“It’s my life at the end of the day and I can’t change who I am”
In the 21st century, homosexuality is more accepted now than ever before. However, there are still some sexuality struggles among Indian and Pakistani families.
While many Asian families have adopted liberal attitudes and mindsets over the years, when it comes to some cultural traditions, they refrain from fully mixing into modern life.
The institution of marriage, for instance, is one that holds just as much importance now than it did centuries ago. And despite how modern upbringings have liberated younger generations of Asians, heterosexual marriage is still encouraged.
But when these expectations collide with issues of sexuality, many Asians can find themselves struggling to live the life they want to.
With homosexuality still a taboo in Asian society, many men and women are afraid to tell their families and friends because they fear being disowned, being outcast or worse.
LGBT South Asians face great difficulty coming out as lesbian, gay and even bisexual. They may deal with serious abuse from those who do not accept homosexuality. Or, they may have families who support them and still have close relationships with their loved ones, but they wouldn’t want their sexuality to be openly broadcasted.
DESIblitz speaks to some Asians about their own struggles, and whether they feel they can be open about their own sexuality.
Struggles with Identity
In the West Midlands, Rajesh*, raised in a British Indian household, came to terms with his identity from the age of four:
“I remember looking at boys more than girls and not knowing why. As I grew older, I realised the norm was to look at girls, not boys. I never told anyone I looked at boys,” he tells DESIblitz.
For many years, he has faced problems. Now he has told aunts and cousins who are fine with it. But one problem remains; his mother. “I can’t share that part of my life with her.”
Even if LGBT British Asians find some acceptance among loved ones, the fear of disapproval can be mentally debilitating. Especially if they face disappointed relatives by not having the traditional wedding that’s expected of them.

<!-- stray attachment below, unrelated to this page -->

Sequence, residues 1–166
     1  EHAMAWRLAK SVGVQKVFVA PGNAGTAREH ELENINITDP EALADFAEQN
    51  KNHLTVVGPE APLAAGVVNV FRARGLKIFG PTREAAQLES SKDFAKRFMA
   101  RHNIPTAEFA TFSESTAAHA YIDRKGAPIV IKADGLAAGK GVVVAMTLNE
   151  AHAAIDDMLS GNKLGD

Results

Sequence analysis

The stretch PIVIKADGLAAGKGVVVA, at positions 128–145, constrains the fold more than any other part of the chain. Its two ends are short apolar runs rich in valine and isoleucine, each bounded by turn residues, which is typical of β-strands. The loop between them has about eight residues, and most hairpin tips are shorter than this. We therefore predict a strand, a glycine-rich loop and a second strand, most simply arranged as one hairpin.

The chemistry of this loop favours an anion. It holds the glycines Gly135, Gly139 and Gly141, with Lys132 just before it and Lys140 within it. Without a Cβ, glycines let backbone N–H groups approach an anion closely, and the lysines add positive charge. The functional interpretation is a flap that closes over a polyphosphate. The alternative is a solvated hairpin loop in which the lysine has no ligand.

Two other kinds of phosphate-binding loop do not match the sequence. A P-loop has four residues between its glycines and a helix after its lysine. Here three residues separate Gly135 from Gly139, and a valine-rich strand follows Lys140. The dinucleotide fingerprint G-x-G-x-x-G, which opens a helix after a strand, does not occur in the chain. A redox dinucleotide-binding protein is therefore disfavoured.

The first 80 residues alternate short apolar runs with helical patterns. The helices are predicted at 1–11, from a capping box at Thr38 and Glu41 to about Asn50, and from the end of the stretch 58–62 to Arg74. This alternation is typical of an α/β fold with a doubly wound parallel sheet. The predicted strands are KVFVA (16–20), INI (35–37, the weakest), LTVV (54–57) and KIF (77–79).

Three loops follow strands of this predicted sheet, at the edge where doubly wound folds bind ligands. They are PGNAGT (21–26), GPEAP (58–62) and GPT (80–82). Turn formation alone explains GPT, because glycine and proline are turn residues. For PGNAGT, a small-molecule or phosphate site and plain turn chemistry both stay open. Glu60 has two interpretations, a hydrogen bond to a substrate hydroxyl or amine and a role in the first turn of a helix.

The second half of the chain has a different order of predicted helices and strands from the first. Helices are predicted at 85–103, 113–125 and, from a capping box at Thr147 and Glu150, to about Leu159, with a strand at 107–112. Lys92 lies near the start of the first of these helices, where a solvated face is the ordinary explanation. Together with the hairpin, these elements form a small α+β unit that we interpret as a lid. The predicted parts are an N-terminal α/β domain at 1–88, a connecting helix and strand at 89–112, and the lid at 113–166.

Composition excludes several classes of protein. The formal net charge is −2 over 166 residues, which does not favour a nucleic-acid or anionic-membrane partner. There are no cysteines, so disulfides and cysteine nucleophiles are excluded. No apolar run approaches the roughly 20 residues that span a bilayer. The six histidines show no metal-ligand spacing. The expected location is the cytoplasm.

When asked about making changes in his home life, Rajesh answered: “It would be nice to tell my mum that I’m gay and for her to be accepting of it. I can be less pressured with the shows I watch on TV and the music I listen to. Plus, I could introduce a new part of my life to her.”
Many Asians may want their life in and out of home to change. They may want to get on with their family, friends or want their culture to accept them as they are.
As Rajesh admits: “It’s my life at the end of the day. I can’t change who I am.”
Struggles for Asian Women
It is not just men who go through struggles with their sexual identity. Women do as well. In a traditionally patriarchal society, women who are lesbian can suffer more because of their gender. South Asian women still face being disowned, getting killed (honour killing) and being out-casted.
One anonymous Indian woman on Quora writes: “I am a woman and I think I am more attracted to women than men. I haven’t dated anyone since my last boyfriend 4 years ago. I am still giving myself time to understand. Living in Chennai, I am scared to openly admit this fact and walk around. I am 27 years and my parents are on a serious groom hunt.”
Asian women can find difficulty in dating and sharing their experiences and feelings. Most women are still in the closet or are even afraid to come out so they live in complete denial. There are also those who decide to be bisexual so they can be more attracted to men. Marriage is a strong point in Asian life because it’s part of their culture.